Google today unveiled its new Pixel smartphones, and in doing so made it clear it wants the Apple-like control over hardware and software that has long made the iPhone the darling of mobile developers. There’ll be two Pixel devices to choose from, a 5in model and a larger 5.5in Pixel XL, but aside from the different screen sizes and resolutions, and the XL packing a bigger battery, on the specs front they’re essentially the same devices.
The Pixels include a 12.3MP rear camera with an f/2.0 aperture that’ll shoot 4K video at 30fps, and Google is at pains to talk about how incredible a camera it is. “Our team of photography gurus and image processing experts have spent the last year designing and tirelessly optimising our entire camera stack,” the company says in a release on its blog. The front-facing camera on each device is an 8MP f2.4 affair that’ll also handle full HD video at 30fps.
Where we’re going we don’t need storage
You can choose between 32GB or 128GB of internal storage with no option to expand it via microSD. That’s a very Apple-like move, and one we don’t care for. A 64GB option in the middle and microSD slot would’ve been preferable. There’s 4GB of RAM, though, and Qualcomm’s Snapdragon 821 quad-core processor does the heavy lifting while an Adreno 530 handles GPU duties. Both devices include the necessary for myriad LTE bands, Bluetooth 4.2, most major Wi-Fi standards, NFC and both GPS and GLONASS for positioning.Google’s jumped on the USB Type-C wagon for cabled connections (USB 3.0) and charging, has kept the 3.5mm audio cable Apple’s ditched in the latest iPhones (which it pointedly highlighted in its presentation and the video below), and weather fans will be pleased to hear there’s a barometer among the slew of included sensors. There’s no support for wireless charging, sadly, but your consolation prize is IP53 waterproofing.
A rose gold phone by any other name
Both handsets will come in three colour options, the ludicrously named Very Silver, Quite Black and Really Blue (with the latter only being available in the US at first).
As for their differences, the 5in Pixel has a screen resolution of 1920×1080 (for a pixel density of 441ppi) and a 2770mAh battery, while the 5.5in version gets screen res of 2560×1440 (534ppi) and a 3450mAh battery. And in keeping with the mobile industry’s move to faster charging rather than bigger or better batteries, Google says both Pixel devices will be able to get up to seven hours of juice in just 15 minutes of charge time.
Made in… Taiwan
Despite Google’s new “Made by Google” designation that its keen to remind us of, both Pixel devices will actually be manufactured by HTC. That’s not a bad thing. The Taiwanese hardware maker has consistently produced solid hardware… it just hasn’t been very good at marketing, selling or supporting it, especially when compared to the likes of Samsung and, to a far lesser extent, LG.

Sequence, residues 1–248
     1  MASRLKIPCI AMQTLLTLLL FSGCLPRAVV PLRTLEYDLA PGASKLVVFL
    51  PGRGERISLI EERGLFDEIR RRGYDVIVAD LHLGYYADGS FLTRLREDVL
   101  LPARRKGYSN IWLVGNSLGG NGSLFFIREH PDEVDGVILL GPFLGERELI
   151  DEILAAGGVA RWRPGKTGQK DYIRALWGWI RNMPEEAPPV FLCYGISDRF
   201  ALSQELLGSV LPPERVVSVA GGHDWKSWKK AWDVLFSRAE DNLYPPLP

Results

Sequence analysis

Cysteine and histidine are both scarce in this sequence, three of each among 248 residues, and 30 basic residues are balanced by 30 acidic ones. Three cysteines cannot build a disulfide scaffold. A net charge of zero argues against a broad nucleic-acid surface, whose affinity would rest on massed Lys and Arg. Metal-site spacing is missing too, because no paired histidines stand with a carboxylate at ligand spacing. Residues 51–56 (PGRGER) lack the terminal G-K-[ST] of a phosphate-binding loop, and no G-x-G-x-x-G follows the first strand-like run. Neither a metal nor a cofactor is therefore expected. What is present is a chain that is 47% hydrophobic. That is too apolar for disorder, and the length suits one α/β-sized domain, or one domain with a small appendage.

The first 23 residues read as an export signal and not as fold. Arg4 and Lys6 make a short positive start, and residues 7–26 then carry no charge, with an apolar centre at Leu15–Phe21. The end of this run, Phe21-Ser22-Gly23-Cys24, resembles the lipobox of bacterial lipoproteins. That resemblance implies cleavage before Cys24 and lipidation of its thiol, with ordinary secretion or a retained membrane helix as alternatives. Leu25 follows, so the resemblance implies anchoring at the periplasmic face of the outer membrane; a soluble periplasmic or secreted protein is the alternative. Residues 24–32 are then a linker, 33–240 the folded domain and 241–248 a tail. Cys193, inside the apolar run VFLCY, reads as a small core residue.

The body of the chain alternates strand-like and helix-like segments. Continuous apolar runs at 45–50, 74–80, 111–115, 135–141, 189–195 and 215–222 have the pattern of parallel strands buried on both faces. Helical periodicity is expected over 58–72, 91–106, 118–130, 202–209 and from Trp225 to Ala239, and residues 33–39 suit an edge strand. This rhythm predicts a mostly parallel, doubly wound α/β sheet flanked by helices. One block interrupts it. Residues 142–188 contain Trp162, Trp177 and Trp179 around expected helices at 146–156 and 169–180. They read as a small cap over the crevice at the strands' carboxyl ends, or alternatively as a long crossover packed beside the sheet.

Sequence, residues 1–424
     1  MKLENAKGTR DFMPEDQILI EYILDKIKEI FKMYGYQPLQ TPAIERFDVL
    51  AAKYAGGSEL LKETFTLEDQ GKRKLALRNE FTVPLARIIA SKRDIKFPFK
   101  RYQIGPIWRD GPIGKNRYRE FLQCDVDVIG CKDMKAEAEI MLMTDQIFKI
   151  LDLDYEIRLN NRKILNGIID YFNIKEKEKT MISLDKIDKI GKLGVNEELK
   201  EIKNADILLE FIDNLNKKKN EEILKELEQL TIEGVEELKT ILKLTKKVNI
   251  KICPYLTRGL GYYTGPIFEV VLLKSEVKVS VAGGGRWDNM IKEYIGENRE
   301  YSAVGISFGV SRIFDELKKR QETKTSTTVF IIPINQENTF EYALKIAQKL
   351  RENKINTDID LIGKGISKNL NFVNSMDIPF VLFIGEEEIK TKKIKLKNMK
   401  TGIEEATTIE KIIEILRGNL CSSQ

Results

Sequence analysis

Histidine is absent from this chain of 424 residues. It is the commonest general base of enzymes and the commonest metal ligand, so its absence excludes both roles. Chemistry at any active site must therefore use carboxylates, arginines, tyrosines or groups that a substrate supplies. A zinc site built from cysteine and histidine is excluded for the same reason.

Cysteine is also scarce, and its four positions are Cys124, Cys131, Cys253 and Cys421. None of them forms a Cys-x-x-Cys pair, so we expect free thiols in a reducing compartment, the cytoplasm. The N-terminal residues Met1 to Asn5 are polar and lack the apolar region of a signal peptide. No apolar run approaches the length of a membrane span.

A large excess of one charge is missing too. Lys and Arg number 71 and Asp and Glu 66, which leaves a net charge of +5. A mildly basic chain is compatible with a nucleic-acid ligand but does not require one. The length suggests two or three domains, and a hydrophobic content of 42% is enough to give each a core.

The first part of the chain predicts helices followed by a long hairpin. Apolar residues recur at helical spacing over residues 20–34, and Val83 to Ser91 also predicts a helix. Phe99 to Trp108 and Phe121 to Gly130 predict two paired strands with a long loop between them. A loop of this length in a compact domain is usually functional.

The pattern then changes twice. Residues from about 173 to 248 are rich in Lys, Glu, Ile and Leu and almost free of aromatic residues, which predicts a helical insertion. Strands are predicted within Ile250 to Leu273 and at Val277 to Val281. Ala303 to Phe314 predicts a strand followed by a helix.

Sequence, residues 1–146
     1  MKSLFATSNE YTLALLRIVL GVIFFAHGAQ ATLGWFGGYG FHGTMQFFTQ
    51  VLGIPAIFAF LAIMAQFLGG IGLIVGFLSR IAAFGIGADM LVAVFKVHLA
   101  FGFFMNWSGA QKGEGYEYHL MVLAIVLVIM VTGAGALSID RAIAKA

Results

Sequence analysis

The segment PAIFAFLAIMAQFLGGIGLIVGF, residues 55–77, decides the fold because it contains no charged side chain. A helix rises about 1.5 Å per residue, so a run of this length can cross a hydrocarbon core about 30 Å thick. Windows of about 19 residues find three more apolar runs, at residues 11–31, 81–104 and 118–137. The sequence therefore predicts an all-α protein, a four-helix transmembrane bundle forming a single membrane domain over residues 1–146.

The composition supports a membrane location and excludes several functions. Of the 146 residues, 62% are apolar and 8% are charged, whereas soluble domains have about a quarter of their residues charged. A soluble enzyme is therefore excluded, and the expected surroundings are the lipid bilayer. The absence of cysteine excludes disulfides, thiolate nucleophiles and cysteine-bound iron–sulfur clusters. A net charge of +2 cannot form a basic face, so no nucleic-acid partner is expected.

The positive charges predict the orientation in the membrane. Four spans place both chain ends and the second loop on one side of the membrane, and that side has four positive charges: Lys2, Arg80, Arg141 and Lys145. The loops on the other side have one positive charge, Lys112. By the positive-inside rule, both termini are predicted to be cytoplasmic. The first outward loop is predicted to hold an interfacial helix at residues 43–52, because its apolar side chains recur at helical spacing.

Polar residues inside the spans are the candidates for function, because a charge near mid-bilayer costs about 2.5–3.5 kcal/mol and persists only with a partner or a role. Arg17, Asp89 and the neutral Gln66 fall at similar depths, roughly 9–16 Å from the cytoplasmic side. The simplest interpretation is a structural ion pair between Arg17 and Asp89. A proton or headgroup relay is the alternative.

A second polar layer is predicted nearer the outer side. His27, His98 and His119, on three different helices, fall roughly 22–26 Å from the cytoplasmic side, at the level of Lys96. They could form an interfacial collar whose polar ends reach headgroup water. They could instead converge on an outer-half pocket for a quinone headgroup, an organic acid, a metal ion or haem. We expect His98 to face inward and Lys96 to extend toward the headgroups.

Does that mean the Pixel is really just the latest Nexus device? Nope, because the Nexus devices were always a side hustle for Google, one that saw them letting each major Android manufacturer have a turn at creating a device in partnership with Google that would get the latest Android updates first and serve as something of a poster child for Android, but which was still ultimately a Huawei, LG, HTC or whatever.
The Pixel is Google taking the reins completely. And who can blame HTC for letting it? On the upside, this also means Google Assistant (which arrived with Google’s messaging app Allo) will be baked into the Pixel device, as will Google Photos. In fact, Google will let Pixel owners upload unlimited, full-res images to Google Photos as further incentive to ditch other Android makers for Google’s own, endorsed handsets.
Make no mistake, Google wants control. No more hoping hardware manufacturers will do what it wants them to. No more compromises. HTC may be putting the bits together, but Google’s cracking the whip every step of the way. Will that make for a better end-user experience? Almost definitely.
And it’s definitely going to mean a slick mobile VR experience. Alongside the Pixel, Google’s taken the wrappers off its virtual reality play, Daydream VR, which the new devices are designed to work with. It’s not just Apple that Google has in its sights, its Samsung, too.
Not cheap, but cheerful
As for pricing, Google’s only said it starts at $649, which means that’s the price for the 32GB 5in Pixel. That’s R9,000 at todays exchange rate, and doesn’t allow for import duties or other markups we’ll doubtless see, so expect it to be nearer R12,000 by the time it actually goes on sale here. That’s a substation chunk of lunch money, but it’s still a lot less than the going rate for the new iPhones or the latest Samsung flagships.